3 Reasons U.S. Drone Policy is Really Freakin' Scary
President Barack Obama and former Massachusetts Gov. Mitt Romney may not agree on much, but they're both totally into the use of unmanned aircraft known as drones to hunt down and kill real and imagined threats to the American way of life.
Whenever you've got top Democrats and top Republicans getting along, you know something has gone horribly wrong.
Here are three reasons why drone strikes are really freaking scary.
1. They're not that accurate.
One of the main selling points of drone strikes is their supposedly surgical precision. Rather than carpet-bombing entire city blocks to nail one or two bad guys, now we can just zap them without harming anyone else.
But a new study from researchers at NYU and Stanford concludes that as many 881 civilians - including 176 children - have been killed by US drone strikes in northern Pakistan since 2004. Worse still are reports that targets get blasted repeatedly, to ward off rescuers from helping the wounded.
2. There's no legal framework.
Drone strikes have been carried out in countries with whom we're allies or against whom we've yet to declare war. They are the principal way in which President Obama's infamous "kill list" is made operational and yet nobody knows how such decisions are being made. As The New York Times said earlier this year, "a unilateral campaign of death is untenable."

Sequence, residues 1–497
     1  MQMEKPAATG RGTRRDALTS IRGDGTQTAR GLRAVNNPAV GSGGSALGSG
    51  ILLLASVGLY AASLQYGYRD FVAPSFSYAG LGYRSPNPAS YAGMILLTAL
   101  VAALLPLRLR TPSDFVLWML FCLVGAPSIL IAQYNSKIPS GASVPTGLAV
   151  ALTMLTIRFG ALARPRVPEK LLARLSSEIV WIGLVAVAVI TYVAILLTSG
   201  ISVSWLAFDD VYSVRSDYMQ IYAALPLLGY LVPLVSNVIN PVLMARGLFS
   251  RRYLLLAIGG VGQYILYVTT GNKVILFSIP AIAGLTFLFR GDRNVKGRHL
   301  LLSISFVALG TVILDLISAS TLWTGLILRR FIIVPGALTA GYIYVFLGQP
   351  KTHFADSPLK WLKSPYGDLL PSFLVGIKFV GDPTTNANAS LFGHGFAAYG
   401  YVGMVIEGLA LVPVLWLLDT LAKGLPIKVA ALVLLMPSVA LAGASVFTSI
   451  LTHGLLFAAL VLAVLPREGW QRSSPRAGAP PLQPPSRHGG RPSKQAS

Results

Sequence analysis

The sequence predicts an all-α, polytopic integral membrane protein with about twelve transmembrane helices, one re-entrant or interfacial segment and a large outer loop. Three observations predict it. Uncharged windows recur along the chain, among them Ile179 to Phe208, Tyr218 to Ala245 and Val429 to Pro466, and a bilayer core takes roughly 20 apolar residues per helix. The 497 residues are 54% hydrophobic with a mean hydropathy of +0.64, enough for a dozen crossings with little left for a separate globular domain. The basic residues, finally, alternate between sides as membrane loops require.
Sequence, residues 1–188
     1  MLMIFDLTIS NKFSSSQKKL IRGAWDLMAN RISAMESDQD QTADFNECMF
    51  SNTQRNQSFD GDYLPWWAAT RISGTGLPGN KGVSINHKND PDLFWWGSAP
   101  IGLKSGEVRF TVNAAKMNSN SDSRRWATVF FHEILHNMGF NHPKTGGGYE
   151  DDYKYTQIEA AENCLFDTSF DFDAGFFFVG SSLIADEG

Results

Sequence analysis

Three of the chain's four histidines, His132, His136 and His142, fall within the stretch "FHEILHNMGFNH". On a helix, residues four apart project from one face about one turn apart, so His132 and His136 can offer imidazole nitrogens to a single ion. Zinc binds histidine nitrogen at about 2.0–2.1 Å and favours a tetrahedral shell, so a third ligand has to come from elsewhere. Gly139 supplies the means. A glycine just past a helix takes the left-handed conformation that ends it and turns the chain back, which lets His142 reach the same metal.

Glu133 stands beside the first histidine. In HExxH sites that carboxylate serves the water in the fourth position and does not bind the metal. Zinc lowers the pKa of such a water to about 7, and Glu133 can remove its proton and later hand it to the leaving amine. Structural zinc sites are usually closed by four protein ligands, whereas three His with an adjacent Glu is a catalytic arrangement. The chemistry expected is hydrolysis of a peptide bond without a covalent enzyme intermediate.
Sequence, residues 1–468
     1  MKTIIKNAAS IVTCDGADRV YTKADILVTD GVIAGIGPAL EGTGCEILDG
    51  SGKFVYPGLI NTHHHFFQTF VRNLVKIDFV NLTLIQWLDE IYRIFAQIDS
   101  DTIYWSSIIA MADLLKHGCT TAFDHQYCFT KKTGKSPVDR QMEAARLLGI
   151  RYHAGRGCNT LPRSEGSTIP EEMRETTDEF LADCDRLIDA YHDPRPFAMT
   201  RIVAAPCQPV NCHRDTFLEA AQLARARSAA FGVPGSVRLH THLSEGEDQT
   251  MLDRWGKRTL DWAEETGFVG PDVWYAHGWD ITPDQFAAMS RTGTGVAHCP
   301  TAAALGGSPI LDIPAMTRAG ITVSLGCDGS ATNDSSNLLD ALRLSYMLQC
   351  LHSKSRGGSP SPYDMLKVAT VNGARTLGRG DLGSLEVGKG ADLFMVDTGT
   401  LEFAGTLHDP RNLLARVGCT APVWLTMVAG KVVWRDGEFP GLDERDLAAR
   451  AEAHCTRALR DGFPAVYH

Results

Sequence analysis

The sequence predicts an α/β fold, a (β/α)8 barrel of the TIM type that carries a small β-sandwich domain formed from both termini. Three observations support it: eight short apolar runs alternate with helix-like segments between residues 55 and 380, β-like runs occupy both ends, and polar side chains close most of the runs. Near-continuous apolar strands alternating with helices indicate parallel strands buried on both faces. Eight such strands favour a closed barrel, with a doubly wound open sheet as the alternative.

Not only is such a campaign immoral on its face, it only damages America's standing in the world.
3. It's only going to get worse.
The Federal Aviation Administration estimates that in 20 years, as many as 30,000 drones could be filling the skies over America, doing everything from promoting local restaurants to executing warrantless snooping for local, state, and federal cops. That includes "nano drones," that will the size of a small flying insect. As it stands, the taxpaying public has basically zero information on how many drones are being used by which parts of government.
That's led the ACLU to file a series of Freedom of Information Act requests to find out more about the technical capabilities of drones and what parts of government are already up there in the wild blue yonder.
We need to force the government to be transparent on drones long before the machines start blotting out the sun.
About 2.30 minutes. Produced by Meredith Bragg and Nick Gillespie, who also narrates.
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